“In the coming years, emissions of CO2 will have to be reduced 17 times faster than in recent years,” according to a McKinsey report on the energy transition published last Friday. Achieving this will require substantial investment, in the order of some 10 billion euros every year for twenty years.
In building energy-efficient homes, promoting electric vehicles, investing in green energy and making industry more sustainable. That may seem like a lot of money, but just think of the benefits: in terms of additional jobs, economic growth and increased quality of life!
For instance, I think electric vehicles are fantastic: no emissions, no noise, literally a breath of fresh air. No more gasoline fumes, diesel air pollution or oil puddles – and electric motors require hardly any lubrication or maintenance. And I haven’t even mentioned the fact that this cuts out the entire supply chain from oil rig to refinery to gas station. Or how about the fact that you will no longer need all those noise barriers along the highway. And how pleasant life will be in the city. Fortunately, better batteries are being developed at an amazing speed and the cost of producing green energy is falling all the time. So I would say: a green light for electric cars!
A few years ago the Buildings & Infrastructures section of TNO, the Netherlands Organization for Applied Scientific Research, calculated that the energy consumption in buildings is on average 25% higher than necessary. That also represents an opportunity! By monitoring energy consumption you can easily save 10%. Correctly controlling the systems in buildings allows you to save another 10% to 20%. And insulating existing homes produces a further 20%. Thus, with a few lines of text you can save more than 3.5 million megawatt hours of electricity and 1,400 million m3 of natural gas, which is equivalent to 4% of our annual CO2 emissions and a saving of around one billion euros per year! And we haven’t even discussed the impact of energy savings in industry and closing all the coal-fired power plants.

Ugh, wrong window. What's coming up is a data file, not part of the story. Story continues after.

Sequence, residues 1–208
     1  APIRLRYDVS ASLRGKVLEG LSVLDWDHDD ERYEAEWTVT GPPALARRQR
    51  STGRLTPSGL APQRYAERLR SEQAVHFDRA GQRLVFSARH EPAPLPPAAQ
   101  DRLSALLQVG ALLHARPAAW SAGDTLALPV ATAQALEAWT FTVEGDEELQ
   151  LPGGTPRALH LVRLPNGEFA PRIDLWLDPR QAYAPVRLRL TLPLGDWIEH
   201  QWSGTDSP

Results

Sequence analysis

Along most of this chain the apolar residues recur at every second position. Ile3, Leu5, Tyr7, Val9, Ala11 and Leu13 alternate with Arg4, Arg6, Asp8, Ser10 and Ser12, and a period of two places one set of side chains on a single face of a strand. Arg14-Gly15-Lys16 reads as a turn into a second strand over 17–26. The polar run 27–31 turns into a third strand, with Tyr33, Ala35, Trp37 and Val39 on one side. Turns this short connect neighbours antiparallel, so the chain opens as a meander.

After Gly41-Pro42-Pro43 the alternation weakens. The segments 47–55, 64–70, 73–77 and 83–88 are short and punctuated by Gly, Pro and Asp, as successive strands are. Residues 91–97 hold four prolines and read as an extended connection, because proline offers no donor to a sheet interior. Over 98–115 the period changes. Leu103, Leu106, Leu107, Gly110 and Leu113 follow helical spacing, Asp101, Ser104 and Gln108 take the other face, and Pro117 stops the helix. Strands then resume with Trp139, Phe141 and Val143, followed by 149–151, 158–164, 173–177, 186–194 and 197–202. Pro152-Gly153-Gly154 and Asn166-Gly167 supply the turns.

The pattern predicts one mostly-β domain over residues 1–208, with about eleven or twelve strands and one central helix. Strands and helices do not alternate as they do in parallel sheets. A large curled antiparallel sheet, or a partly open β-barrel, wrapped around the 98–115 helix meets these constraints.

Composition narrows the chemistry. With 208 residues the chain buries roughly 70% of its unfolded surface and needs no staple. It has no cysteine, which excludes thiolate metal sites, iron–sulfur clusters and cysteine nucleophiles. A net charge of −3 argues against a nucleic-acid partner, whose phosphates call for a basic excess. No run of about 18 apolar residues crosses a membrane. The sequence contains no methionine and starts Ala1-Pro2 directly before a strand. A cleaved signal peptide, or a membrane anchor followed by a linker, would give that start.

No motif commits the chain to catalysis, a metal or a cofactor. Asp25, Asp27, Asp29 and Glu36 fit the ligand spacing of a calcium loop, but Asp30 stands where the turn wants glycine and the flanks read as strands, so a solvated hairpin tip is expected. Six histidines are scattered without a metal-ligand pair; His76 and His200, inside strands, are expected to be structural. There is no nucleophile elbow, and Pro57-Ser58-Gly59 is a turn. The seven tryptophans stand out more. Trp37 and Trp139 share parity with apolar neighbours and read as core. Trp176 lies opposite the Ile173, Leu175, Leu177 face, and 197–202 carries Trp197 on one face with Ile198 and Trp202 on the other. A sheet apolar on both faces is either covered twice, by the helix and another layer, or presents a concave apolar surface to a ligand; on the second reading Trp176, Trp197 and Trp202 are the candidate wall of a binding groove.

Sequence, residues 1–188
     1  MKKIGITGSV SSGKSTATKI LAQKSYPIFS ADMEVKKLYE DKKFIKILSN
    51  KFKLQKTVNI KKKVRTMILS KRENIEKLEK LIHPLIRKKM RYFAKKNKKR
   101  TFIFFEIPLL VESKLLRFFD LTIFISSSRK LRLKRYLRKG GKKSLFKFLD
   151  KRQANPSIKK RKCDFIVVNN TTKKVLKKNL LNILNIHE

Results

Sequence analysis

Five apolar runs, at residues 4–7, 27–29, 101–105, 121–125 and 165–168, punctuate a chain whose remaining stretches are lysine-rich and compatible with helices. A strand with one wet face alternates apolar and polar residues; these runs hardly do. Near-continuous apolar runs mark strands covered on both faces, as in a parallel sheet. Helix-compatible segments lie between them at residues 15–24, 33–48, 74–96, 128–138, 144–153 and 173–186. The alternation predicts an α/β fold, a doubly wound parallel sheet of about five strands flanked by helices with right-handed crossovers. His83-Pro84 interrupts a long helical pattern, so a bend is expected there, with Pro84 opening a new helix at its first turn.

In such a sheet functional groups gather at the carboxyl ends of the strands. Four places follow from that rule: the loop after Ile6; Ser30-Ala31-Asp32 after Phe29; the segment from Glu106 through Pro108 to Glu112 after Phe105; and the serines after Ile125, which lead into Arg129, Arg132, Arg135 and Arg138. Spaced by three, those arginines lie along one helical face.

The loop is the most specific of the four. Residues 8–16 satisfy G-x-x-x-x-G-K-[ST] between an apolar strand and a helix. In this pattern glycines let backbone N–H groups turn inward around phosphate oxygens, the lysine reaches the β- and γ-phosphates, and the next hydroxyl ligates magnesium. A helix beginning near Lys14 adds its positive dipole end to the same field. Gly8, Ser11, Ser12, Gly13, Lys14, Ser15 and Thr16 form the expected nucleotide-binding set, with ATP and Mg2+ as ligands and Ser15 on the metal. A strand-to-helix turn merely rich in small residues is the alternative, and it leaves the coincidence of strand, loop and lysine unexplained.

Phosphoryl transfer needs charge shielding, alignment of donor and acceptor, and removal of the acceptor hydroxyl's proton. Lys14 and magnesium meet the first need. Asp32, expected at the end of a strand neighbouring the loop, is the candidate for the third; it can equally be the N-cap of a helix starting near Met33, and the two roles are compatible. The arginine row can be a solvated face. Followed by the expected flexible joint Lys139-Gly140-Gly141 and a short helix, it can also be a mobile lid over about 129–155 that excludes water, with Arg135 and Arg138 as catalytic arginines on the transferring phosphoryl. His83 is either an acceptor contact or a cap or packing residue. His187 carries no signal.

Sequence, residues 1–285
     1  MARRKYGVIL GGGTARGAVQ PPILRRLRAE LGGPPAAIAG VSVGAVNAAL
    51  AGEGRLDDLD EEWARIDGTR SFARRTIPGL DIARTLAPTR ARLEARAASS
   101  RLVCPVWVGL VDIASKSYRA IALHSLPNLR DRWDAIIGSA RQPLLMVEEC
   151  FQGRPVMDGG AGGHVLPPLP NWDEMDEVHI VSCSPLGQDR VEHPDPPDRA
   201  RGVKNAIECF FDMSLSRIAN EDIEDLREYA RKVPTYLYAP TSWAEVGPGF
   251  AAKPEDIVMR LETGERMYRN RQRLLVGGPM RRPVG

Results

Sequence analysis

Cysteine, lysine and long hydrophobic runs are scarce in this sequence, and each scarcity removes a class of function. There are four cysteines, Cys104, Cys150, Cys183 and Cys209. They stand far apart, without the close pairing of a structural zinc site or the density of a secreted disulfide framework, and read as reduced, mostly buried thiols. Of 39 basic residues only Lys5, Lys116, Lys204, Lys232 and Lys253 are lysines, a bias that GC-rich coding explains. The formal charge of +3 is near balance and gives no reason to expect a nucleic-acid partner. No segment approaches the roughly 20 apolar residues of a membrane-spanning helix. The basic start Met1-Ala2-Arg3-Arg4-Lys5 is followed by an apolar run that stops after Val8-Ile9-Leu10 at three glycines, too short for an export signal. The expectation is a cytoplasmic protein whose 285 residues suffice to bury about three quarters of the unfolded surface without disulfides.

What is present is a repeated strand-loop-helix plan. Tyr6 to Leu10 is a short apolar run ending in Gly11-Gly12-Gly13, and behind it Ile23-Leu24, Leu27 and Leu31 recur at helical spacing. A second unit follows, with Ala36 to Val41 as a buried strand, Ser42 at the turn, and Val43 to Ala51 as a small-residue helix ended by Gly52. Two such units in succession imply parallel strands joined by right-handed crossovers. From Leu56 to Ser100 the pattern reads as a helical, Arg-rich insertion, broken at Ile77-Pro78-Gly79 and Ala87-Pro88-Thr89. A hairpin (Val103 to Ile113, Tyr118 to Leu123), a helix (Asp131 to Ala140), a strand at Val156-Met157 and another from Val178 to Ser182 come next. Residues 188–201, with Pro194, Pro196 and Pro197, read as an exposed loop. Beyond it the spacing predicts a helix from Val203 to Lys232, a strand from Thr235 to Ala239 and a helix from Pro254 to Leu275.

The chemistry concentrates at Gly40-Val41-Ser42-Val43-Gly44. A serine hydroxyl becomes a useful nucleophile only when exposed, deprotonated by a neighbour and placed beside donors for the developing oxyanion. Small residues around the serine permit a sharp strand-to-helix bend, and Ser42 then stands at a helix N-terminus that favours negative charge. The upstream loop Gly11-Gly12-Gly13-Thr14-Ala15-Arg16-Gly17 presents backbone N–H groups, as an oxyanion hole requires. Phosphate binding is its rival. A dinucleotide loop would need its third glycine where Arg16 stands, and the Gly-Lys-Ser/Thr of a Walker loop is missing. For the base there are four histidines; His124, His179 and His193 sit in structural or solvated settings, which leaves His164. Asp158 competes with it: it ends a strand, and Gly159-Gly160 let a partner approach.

It sounds too good to be true, but there are concrete examples. A large healthcare institution with more than twenty sites in the Haaglanden region decided to put energy saving high on its agenda. We replaced all the automatic control equipment, optimized the existing systems and monitored energy consumption. The results were amazing: 500,000 euros of energy savings out of total energy costs of four million euros a year! Without any major investment, and with a short payback time!
For the energy transition, the government is looking at a growing economy and therefore at increased demand for green energy. And that is not the right way to do it. It means that the government is not taking account of existing technologies, with which, for instance, gas could be replaced straightaway by ‘water’ and a heat pump. Think, for example, of heating networks and heating/cooling battery systems. Or the fact that accessing the data from systems in buildings can provide new insights and substantial energy savings. Or that new integrated applications, such as linking a data center to a residential area or a greenhouse can also ensure an optimum supply of heat. This will require considerable investment in infrastructure, so that ultimately we can make use of free sources of energy, such as solar and wind power. Perhaps our pension funds could start investing in our own economy. If you have hundreds of billions of euros to invest, you could surely spare ten billion a year to invest in the future of our country. I would regard that as being a healthy return on investment!